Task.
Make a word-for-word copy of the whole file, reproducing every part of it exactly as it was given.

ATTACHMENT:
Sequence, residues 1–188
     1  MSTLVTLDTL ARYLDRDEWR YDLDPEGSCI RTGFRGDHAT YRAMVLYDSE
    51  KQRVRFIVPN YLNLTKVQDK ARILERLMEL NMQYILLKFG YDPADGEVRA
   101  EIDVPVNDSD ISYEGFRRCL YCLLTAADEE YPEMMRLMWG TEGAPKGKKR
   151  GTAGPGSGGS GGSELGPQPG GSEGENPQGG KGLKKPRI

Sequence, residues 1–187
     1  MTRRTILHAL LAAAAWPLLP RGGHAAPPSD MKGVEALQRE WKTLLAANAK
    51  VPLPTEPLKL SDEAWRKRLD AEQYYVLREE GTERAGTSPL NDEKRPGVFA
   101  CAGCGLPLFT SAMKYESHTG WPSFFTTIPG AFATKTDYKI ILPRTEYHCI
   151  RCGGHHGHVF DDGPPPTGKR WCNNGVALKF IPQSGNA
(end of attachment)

Sequence, residues 1–188
     1  MSTLVTLDTL ARYLDRDEWR YDLDPEGSCI RTGFRGDHAT YRAMVLYDSE
    51  KQRVRFIVPN YLNLTKVQDK ARILERLMEL NMQYILLKFG YDPADGEVRA
   101  EIDVPVNDSD ISYEGFRRCL YCLLTAADEE YPEMMRLMWG TEGAPKGKKR
   151  GTAGPGSGGS GGSELGPQPG GSEGENPQGG KGLKKPRI

Sequence, residues 1–187
     1  MTRRTILHAL LAAAAWPLLP RGGHAAPPSD MKGVEALQRE WKTLLAANAK
    51  VPLPTEPLKL SDEAWRKRLD AEQYYVLREE GTERAGTSPL NDEKRPGVFA
   101  CAGCGLPLFT SAMKYESHTG WPSFFTTIPG AFATKTDYKI ILPRTEYHCI
   151  RCGGHHGHVF DDGPPPTGKR WCNNGVALKF IPQSGNA